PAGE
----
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How to Grow Sweet Potato Vines

Grow sweet potato vines as an ornamental plant, indoor house plant, or to get a head start on your sweet potato crop. Sweet potatoes do best in warm-climate gardens. If you live in an area with a shorter gardening season due to cool weather, consider growing your vine as an indoor house plant. Starting a sweet potato vine makes a great winter project for both children and adults.

Purchase a sweet potato with numerous "eye" spouts. These are points on the potato from where a vine could sprout out. While supermarket potatoes are not ideal, since they have spent a lot of time in transit and on the shelf, they will work for growing a sweet potato vine.

Insert a toothpick about 1/3 of the way down the length of the potato, and push it in about 1 inch. Insert a second toothpick opposite the toothpick you just inserted, so the sweet potato has a toothpick handle on each side. Insert two more toothpicks at the same level on the front and back of the potato, so there are 4 toothpicks in the potato altogether.

Place the potato, pointed side down, into a mason jar. The toothpicks will hold the potato up so that the top third of the potato is out of the jar and the pointed side of the potato sits in the jar.

Fill the jar with water. Cover the entire inserted portion of the potato with water.

Set the potato in the jar in a sunny location. It needs the sun and warmth to thrive and grow. Vines with leaves begin to grow from the top of the potato in approximately two weeks, and roots will begin to sprout in the water at the bottom of the potato.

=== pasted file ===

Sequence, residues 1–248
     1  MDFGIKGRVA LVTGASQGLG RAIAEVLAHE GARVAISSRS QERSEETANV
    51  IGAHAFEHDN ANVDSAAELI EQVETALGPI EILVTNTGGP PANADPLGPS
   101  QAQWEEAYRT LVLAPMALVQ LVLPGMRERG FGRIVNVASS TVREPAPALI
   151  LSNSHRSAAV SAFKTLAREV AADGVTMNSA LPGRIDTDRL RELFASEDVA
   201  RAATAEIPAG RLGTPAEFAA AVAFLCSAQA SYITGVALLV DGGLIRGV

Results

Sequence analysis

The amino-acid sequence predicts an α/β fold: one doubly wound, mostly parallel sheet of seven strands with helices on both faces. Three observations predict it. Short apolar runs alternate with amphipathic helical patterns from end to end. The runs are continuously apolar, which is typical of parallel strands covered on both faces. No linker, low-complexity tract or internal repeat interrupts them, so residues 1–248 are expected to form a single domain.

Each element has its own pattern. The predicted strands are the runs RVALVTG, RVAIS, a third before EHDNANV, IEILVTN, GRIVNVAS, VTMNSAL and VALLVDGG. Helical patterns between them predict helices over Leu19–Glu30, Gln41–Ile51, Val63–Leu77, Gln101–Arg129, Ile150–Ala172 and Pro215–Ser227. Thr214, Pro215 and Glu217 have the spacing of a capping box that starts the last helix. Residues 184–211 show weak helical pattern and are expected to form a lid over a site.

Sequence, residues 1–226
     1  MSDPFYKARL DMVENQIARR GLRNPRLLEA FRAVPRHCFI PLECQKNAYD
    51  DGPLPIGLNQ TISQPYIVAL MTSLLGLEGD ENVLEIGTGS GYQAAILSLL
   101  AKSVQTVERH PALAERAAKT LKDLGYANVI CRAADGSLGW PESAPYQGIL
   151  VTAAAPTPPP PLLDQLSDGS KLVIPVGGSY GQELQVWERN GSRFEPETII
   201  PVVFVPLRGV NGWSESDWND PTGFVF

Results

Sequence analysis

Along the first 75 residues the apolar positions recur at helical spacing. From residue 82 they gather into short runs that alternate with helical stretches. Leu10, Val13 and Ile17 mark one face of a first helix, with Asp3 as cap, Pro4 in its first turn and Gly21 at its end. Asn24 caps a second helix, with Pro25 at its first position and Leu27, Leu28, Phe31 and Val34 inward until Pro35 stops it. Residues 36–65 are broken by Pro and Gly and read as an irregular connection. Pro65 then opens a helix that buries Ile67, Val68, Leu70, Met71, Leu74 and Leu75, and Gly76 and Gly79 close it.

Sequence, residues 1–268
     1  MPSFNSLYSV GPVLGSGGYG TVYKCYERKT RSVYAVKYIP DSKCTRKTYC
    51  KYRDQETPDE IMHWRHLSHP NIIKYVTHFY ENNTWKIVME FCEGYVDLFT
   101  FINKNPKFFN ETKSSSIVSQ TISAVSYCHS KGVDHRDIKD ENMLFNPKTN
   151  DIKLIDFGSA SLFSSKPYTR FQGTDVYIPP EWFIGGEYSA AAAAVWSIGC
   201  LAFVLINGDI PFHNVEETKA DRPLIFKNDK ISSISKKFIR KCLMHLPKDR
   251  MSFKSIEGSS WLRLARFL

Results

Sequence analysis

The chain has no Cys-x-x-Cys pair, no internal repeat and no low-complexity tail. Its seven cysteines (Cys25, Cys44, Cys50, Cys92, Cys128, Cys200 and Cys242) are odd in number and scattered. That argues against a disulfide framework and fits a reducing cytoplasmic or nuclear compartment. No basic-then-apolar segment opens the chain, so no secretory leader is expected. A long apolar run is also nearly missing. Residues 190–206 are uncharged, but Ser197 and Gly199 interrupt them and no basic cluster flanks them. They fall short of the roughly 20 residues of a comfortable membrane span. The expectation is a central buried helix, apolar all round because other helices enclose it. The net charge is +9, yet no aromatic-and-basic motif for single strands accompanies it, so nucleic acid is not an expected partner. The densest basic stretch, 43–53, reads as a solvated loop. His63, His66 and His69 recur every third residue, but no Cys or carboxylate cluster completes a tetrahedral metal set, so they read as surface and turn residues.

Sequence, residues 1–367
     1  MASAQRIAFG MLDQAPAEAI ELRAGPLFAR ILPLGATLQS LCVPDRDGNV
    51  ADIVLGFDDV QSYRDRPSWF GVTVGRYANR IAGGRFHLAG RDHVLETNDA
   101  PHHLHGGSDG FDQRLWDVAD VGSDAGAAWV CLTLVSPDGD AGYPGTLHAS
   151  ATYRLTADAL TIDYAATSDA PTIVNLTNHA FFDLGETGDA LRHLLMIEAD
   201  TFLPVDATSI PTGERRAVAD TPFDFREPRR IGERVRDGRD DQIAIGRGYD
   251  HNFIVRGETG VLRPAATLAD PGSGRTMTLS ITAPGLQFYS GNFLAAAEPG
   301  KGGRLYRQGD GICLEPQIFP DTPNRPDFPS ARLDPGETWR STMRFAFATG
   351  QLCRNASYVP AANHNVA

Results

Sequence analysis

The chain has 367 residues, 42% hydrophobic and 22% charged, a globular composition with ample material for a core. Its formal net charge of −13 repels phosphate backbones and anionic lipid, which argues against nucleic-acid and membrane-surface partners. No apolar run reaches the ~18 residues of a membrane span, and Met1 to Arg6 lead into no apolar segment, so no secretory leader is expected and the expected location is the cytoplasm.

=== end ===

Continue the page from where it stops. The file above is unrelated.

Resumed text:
Add a pinch of fertilizer to the water every month. When the roots begin to take up a lot of room in the jar, it is time to decide what you are going to do with your sweet potato vine.

Plant the potato outside after all danger of frost has passed. This must be done by late May to enjoy a fall harvest. Or, if you wish to keep the vine as an indoor house plant, transplant the tuber and roots into a large pot with potting soil. Continue to fertilize once a month.


If you prefer a bushy sweet potato vine, cut the end of the vine back by 3 to 4 inches as it begins to spread. Put the vine cuttings in water to sprout roots and grow another vine.


Sweet potato vines need moisture to thrive, so a house that is too dry can cause them to die. Spray the vines early in the morning and late at night with water to increase humidity.

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